Common Flowers in Kent

Common flowers ornament the gardens of Leeds Castle in Kent; the Wood Garden hosts azaleas, rhododendrons and daffodils, while the Culpepper Garden exhibits roses, lupins, poppies and lad's love. Kent is also home to flowers that grow in the wild, like orchids that find the perfect combination of light, moisture, warmth and nutrients to germinate.

Chalk Habitat Flowers

Wild orchids, some shaped like insects and animals, are among the attractions at Samphire Hoe, a conservation area in Kent. Samphire Hoe is the product of the Channel Tunnel construction (completed in 1994), when chalky soil dug out of the ground formed ideal growing materials. Thousands of orchids such as the early spider orchid (Ophrys sphegodes) shaped like a spider, bloom in April and May. Park Gate Down is part of the Hector Wilks Reserve of chalk grassland with scrub and surrounding woodland. Here are monkey orchids (Orchis simia) with pinkish-mauve flower spikes that open from the top moving downwards, creating a disheveled appearance that resembles a monkey. The relatively rare lady orchids (Orchis purpurea) have large and profuse flowers on spikes and the appearance of a small person in crinoline. Denge Wood, a nature reserve in east Kent, is an open area with surrounding woodland. Wildflowers include greater butterfly orchids (Platanthera chlorantha) with white cross-shaped flowers on open spikes, and common twayblade (Listera ovata), which exhibit tiny, yellow-green flowers on long stems.

Meadow and Dry Habitat Flowers

Meadow habitats are common homes to bird's foot trefoil (Lotus corniculatus), which has several common names including bacon and eggs, fingers and thumbs, cat's claws, bird's claws and lady's slipper. Pretty, yellow flowers grace tall, thin stems about 16 inches high, from May to October. This perennial wildflower grows in dry grassland and open woods. It is a member of the Pea family. The harebell (Campanula rotundifolia) is native to dry and sunny habitats including dry grasslands, open woods and scrub. It is the equivalent of Scotland's bluebell, and also called witch's thimble. "Harebell" comes from the belief that it grew where hares lived. The scented, blue, bell-like flowers appear in clusters of about 12 inches in length, usually blooming between June and September. The harebell has magical associations with witches, fairies and, of course, hares. The harebell prefers sun or partial shade, but does well even in poor and dry soil conditions. This perennial is a member of the Bellflower family.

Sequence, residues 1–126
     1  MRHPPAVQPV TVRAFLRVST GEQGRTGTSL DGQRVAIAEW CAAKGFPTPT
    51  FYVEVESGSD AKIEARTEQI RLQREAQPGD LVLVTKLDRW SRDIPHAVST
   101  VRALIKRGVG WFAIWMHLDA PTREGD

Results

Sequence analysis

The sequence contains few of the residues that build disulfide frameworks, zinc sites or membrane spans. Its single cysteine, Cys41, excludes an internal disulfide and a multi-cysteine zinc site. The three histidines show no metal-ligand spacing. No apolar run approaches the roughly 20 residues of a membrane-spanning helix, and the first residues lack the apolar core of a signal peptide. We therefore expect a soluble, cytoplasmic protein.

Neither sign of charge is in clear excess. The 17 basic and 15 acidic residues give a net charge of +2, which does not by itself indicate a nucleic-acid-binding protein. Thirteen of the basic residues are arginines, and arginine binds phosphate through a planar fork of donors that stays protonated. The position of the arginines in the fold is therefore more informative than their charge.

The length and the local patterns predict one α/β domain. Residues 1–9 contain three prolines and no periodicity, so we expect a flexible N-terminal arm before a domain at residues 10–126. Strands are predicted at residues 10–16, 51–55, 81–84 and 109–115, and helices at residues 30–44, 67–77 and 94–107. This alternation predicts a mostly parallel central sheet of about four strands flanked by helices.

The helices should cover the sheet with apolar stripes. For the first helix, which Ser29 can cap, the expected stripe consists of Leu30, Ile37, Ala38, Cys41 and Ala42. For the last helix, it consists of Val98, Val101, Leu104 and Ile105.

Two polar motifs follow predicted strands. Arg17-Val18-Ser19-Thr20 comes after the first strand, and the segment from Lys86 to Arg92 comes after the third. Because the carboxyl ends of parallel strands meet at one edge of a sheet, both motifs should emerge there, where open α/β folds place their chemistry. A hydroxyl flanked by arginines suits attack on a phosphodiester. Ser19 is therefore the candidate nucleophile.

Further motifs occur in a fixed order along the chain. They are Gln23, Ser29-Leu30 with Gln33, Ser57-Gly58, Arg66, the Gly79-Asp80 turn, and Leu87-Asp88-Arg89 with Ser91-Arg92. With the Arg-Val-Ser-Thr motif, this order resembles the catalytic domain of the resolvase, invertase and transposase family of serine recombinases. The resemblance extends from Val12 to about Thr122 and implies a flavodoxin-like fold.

Sand Dune Habitat Flowers

The Royal St. George's Golf Course in east Kent is the unlikely habitat of the lizard orchid (Himantoglossum hircinum). No one can confirm exactly why this orchid thrives on the golf course. One theory is that golfers' shoes and trolley wheels spread the orchid seeds. Another theory is the suitability of the sand dunes to orchids. This orchid exhibits up to 80 flowers on a spike. Its name comes from the resemblance of the orchid lip to the tail and hind legs of a lizard.

Keywords: Kent' wild orchids, early spider orchid, greater butterfly orchid

About this Author

Based in Northern California, Maureen Katemopoulos has been a freelance writer for more than 25 years. Her articles on travel, the arts, cuisine and history have appeared in publications such as "Stanislaus Magazine," "Orientations," "The Asia Magazine" and "The Peninsula Group Magazine." She holds a Baccalaureate degree in journalism from Stanford University.